The EU boasts
about having reduced your roaming charges. Europhiles market this like a
crowning achievement. While it is clearly patronising to believe people would
give up on our status as a nation state in exchange for cheaper phone calls,
this is in any case an example of the EU taking credit for a global initiative.
Once again the EU, and our obsession with it, obscures the international stage
from view. It’s that naval gazing mindset at work.
Why is that Safaricom are doing exactly
the same thing, almost a year ahead of the EU, and China is following
suit along with the Gulf
States? It’s because this is a global convention being put into practice, driven
by global bodies such the OECD and ITU.
It could and should have happened a lot sooner but for the delays introduced by the
if there is any single group that can take the credit for forcing changes, it
is an obscure organisation that calls itself the International Telephone Users Group (INTUG).
Founded in 1974, a year after the UK joined the then EEC, it is an
international association of business users of telecommunications with members
and contacts in all five continents and thus claims a global presence.
The trigger for the initiative that the EU claims as its own was in fact a 1999
report by INTUG Europe. It sought to investigate the tariffs used for
international GSM roaming within the EU, comparing them with conventional
international telephone calls. Its aim was to make users aware of the cost of
international mobile telephones.
In turn, this triggered an investigation by the European Commission, DG
competition, which reported in December 2000. At this stage, though, the EU
intervention was distinctly weak, arguing mainly for improved transparency,
with the publication of charges by operators in order to increase public
pressure for change.
By then, INTUG has also involved the OECD,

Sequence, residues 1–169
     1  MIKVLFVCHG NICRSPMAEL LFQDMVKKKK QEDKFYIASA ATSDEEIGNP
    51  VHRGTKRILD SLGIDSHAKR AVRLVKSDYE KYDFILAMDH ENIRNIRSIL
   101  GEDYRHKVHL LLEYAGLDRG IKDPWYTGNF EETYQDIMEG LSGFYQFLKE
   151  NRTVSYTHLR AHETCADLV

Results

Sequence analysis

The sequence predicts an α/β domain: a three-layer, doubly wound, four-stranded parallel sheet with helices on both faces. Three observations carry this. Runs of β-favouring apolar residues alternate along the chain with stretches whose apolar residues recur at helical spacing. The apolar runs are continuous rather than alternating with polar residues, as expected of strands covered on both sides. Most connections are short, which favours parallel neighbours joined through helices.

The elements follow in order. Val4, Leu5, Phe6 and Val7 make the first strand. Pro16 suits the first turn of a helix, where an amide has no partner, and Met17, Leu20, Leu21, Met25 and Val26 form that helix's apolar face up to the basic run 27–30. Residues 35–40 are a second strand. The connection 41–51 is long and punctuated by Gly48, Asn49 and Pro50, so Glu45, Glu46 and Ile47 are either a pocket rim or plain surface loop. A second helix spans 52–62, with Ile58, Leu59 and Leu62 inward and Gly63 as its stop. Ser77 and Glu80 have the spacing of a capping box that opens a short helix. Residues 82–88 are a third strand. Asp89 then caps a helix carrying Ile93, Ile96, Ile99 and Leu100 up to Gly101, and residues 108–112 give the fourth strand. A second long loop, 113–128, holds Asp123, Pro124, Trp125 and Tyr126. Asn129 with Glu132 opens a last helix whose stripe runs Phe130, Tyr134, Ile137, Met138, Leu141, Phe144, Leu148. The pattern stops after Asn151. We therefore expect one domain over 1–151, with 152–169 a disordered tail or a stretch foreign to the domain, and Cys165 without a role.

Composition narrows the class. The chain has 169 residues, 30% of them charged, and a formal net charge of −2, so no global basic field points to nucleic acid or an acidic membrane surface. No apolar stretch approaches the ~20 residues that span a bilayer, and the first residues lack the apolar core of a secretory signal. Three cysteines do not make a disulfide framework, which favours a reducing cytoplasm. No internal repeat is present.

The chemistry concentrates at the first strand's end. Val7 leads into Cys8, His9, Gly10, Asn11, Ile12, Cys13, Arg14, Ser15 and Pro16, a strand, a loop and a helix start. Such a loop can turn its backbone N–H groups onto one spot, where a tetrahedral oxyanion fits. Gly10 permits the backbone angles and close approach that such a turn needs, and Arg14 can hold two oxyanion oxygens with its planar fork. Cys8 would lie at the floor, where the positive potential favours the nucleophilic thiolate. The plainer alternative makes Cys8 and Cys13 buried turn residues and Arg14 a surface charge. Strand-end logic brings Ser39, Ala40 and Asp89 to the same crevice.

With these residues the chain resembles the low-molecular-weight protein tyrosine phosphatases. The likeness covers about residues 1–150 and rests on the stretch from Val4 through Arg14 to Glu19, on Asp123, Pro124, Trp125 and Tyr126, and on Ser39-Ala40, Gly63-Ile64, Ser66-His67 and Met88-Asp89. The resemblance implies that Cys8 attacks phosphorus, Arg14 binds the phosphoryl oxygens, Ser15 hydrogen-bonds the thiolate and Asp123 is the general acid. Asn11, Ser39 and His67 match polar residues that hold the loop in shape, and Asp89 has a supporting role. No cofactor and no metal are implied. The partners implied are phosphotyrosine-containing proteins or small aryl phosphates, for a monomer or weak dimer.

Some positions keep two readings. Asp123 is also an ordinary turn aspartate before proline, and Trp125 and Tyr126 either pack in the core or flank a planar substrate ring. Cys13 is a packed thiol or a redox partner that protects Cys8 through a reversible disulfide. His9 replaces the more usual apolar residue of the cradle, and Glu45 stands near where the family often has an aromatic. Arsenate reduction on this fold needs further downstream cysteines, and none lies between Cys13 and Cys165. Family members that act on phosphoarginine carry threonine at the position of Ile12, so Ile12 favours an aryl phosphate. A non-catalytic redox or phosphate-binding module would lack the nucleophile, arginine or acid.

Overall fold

making a presentation to its Working Party on Telecommunication and Information
Service Policies. "In its early days a little overpricing or cross-subsidy
was acceptable while operators were becoming established", it said, then
declaring: "That has long since ceased to be acceptable. Users will not
tolerate it and will do whatever is necessary to bring to an end the existing
oligopolies and market structures".
Interestingly, in July
2000, even the BBC had acknowledged the role of INTUG, reporting that the
 Intug report had "prompted the EU to look into roaming
charges". The then state of the art can be seen from this
By 2004, things were warming up,
with the European Regulators Group (ERG), made up from EU member state
regulators, sending a questionnaire to all network operators asking them to
detail their roaming charges.
By 2007, though, EU action was still painfully slow, with regulations calling
for price transparency and setting up maximum tariffs for wholesale prices. Two
years later, we then see a
major report from the OECD, finding that roaming rates were
"excessive" when compared to the underlying wholesale costs of
providing the roaming service or the retail price of a domestic mobile call
plus an international call from the fixed network.
Then, a year later in 2010, the OECD published its policy
recommendations, which put the move to reduce roaming charges on a truly
international footing, also pulling in the WTO as part of a globally
By 2008, the International Telecommunication Union (ITU) had become involved,
report comprising a "Regulatory analysis of international mobile
roaming services". To this day, the ITU remains a major player, with its Let's
roam the world initiative.
effectively it was all over, with the OECD invoking WTO provisions, stating
that "international mobile roaming services are believed to fall under the
scope of these provisions" and "more clearly so under section 5 a) of
the Annex on Telecommunications".
EU or no, the writing was on the wall. We saw in 2013, India committing
to removing roaming charges. African countries followed,
America. ASEAN members
are set to do likewise. In the United
States and the
Caribbean, things are also moving in the right direction.
As for the EU, it has been slow to the point of hesitant, its actions marked
down as unambitious.
Its claim to be looking after consumer interests is hollow, representing
nothing more than them taking credit for an unstoppable movement that was going
to happen anyway.
In this case,
as in many others, the EU is a redundant middleman that slows down global
progress - and it even has the nerve to even take credit for such achievements.